Review: Reflections On A Good Day Gone Bad — Seguin Valley GC


What makes a bad golf course so bad that it can almost be considered good?

I grew up and learned to play on what I consider a bad golf course. Table top flat, with artificial mounds to add separation to the holes, and full of unappealing, characterless greens, and at least a couple of spots where it turns into a shooting gallery, the course is not something that I would bother with today.

Despite all of this, the course did have some strange lure for me and continues to do so to this day. Maybe it was the strange opening par fives yielded to a difficult one shot hole and a tough par four. Maybe it was the fact that the course was easily walked, though numerous people would take carts anyway. Maybe it was the awful 17th, with its six-iron dogleg.

I guess people must have a similar affinity to Seguin Valley.

It has been over a year since I wrote my reflections on the course, which apparently was partly designed by David Moote, and partly designed by the construction company. I say apparently, as I can find no record of who actually designed this clunker.

Readers have had a lot to say about the review I wrote.

My take was clear:

Regardless of its shortcomings, some hold up Seguin as a “hidden jewel” of Muskoka (though I don’t think of hidden jewels as charging $100 green fees), placing it in the same league as Rocky Crest and Bigwin Island. I just can’t figure out how anyone can place this course in that company.

Lots of people, apparently, love Seguin Valley. They aren’t as thrilled with me. Hacker Mike posted earlier this week that:

Thompsons (sic) opinion is misguided, Im sure he would cut-up Pebble Beach, blind shots on 6 and 8, a 500ft ride to the hot-dog stand, geese!

Geese indeed, though that isn’t the first bird that comes to mind when I think about Pebble. Or Seguin Valley. The Hack Job continues:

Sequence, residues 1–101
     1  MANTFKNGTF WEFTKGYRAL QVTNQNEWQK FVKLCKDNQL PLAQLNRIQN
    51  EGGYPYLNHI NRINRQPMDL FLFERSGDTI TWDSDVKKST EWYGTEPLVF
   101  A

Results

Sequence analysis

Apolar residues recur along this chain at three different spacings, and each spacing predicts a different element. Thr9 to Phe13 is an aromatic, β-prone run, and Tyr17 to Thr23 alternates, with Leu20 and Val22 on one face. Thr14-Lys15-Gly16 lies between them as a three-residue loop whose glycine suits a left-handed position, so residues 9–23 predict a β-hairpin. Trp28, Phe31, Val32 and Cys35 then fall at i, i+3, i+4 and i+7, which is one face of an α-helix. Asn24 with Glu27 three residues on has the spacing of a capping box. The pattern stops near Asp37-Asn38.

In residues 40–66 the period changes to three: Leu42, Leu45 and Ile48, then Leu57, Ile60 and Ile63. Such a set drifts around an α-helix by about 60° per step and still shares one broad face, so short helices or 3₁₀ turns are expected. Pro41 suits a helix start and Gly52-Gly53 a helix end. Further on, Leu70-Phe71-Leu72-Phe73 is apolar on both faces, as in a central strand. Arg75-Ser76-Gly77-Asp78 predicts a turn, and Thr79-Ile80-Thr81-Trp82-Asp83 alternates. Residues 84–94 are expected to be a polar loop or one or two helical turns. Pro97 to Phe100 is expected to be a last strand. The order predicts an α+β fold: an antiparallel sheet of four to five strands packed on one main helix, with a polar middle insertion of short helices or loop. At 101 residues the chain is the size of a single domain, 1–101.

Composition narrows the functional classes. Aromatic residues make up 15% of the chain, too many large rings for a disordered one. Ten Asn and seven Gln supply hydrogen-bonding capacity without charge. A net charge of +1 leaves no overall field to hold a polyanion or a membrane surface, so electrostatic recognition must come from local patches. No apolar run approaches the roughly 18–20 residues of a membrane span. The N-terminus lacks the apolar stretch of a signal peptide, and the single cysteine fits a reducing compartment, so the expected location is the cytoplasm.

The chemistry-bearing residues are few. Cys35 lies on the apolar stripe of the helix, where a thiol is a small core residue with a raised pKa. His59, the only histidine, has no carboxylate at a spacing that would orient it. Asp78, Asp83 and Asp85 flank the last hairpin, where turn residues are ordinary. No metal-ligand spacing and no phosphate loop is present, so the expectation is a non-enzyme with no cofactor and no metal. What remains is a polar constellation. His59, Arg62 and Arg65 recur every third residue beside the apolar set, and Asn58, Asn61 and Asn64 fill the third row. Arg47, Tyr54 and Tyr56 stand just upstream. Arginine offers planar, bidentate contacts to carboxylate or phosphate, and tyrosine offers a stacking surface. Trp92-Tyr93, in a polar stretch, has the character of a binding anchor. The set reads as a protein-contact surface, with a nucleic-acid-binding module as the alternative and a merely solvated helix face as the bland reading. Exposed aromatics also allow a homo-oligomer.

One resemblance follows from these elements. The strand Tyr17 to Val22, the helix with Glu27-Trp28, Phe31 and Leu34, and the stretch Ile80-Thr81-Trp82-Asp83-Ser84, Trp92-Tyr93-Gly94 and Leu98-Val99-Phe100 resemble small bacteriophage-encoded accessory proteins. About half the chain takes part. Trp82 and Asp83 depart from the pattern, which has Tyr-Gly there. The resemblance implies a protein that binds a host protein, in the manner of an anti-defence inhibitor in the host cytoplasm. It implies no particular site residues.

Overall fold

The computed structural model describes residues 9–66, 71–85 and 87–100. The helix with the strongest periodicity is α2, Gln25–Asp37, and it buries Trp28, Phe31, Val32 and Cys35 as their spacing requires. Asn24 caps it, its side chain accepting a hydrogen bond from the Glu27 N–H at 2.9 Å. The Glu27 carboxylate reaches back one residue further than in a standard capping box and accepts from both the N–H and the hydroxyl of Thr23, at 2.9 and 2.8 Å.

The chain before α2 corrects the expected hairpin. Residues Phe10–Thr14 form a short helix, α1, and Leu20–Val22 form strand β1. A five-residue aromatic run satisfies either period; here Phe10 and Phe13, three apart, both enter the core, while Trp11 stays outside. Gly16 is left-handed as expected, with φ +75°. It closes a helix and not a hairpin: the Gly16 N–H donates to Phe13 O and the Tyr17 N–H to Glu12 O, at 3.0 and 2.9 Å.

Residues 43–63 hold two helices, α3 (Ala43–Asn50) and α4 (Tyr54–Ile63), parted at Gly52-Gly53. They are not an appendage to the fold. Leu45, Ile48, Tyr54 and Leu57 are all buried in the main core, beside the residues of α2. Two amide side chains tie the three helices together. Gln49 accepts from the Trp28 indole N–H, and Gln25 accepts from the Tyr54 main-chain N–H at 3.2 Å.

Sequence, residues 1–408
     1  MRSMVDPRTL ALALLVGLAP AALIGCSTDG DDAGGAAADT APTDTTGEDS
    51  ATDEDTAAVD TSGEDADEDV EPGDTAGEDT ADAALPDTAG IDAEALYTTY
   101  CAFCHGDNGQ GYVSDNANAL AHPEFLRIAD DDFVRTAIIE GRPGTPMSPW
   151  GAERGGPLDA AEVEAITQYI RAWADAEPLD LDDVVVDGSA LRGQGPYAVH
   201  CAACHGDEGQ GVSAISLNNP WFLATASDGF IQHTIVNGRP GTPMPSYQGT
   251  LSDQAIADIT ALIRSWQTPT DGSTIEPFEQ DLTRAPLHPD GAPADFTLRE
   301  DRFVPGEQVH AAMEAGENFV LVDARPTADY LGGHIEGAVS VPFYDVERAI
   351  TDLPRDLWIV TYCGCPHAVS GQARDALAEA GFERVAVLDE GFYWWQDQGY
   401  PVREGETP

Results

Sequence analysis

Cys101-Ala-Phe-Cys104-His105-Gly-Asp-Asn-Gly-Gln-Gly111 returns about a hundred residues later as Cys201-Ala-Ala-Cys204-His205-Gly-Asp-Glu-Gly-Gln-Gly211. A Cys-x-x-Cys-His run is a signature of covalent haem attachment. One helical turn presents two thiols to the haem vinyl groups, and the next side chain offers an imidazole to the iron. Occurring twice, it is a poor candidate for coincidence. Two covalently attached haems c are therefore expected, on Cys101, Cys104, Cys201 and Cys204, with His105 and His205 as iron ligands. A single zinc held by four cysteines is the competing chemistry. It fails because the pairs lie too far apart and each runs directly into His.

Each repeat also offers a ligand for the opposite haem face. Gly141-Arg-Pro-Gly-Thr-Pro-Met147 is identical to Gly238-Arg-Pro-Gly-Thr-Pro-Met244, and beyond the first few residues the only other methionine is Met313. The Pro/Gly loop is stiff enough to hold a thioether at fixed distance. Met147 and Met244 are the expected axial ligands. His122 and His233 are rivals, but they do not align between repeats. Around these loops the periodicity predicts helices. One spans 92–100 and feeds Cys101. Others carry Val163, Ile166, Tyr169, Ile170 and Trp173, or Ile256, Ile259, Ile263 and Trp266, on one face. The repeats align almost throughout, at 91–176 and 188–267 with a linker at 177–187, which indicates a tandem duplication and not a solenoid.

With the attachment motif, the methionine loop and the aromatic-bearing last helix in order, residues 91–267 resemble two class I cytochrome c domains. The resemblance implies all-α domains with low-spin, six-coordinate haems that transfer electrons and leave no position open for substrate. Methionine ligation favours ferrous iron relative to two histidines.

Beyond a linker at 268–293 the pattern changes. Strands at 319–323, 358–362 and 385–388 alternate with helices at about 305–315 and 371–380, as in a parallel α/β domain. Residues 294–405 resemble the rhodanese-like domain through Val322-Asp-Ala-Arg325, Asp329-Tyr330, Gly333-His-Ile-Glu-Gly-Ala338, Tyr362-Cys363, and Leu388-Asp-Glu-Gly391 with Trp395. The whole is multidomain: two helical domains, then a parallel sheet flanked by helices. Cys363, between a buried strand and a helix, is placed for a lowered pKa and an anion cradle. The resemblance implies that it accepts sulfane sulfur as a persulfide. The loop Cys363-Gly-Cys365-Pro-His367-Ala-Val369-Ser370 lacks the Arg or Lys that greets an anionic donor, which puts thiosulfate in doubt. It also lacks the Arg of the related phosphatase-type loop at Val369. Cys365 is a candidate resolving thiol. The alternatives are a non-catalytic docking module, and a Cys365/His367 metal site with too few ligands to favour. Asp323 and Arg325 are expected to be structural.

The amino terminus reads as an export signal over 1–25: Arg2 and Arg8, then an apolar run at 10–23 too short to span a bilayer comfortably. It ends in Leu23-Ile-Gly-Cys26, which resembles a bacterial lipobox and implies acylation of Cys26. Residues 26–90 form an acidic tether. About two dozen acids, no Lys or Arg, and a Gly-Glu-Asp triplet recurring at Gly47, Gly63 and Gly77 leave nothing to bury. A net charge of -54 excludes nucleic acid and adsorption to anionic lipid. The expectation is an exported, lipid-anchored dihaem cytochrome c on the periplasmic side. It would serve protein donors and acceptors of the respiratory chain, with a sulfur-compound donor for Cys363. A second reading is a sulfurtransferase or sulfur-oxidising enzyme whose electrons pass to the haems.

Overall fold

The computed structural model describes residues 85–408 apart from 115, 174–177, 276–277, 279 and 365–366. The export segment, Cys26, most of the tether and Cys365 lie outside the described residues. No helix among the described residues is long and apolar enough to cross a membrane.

I have played every course in the Muskoka area and they are all up, down and sideways. This one is breathtaking, like you are in the middle of Algonquin park. Almost every hole you dont see any other holes, cars or people. Maybe parts of the golf course are lacking but for the merits of spending a day in nature, it doesnt get better.

I always find it funny how people think hole separation on a course makes it great. In Seguin Valley’s case it just means the designer wasted a ton of cash routing the course over twice the land it needed. Or maybe the designer temporarily lost his eye sight!

Nathan has a similar take:

I find it slightly ironic that Thompson who is paid to critisize cant find too much good about a golf course that well versed golfers obviously enjoy. I can only suggest he wasnt perked and coddeled(for a good review) like he is used to on the more well heeled golf experiences.

Isn’t it interesting that the state of course criticism in this country has been reduced to the point that now many golfers only think you are critical of a course because you weren’t given a free shirt? Gosh, my wife has ordered me to never bring home another logoed shirt. Ever.

That said I long ago stopped being swayed by a free hat or a dog at the turn. Couldn’t care less. I try to be open and honest about what I say and why I say it. Those that have been critical of the review have never demonstrated to me why I should be at all interested in ever returning to Seguin. Let’s consider the arguments:

Hole separation? You get that at Muskoka Bay, which is miles better than Seguin?

There’s a big par three over water — oh, you get that at Muskoka Bay as well.

You don’t see any cars — what Muskoka course do you see cars at? These places aren’t typically built alongside the 400.

Nathan concludes: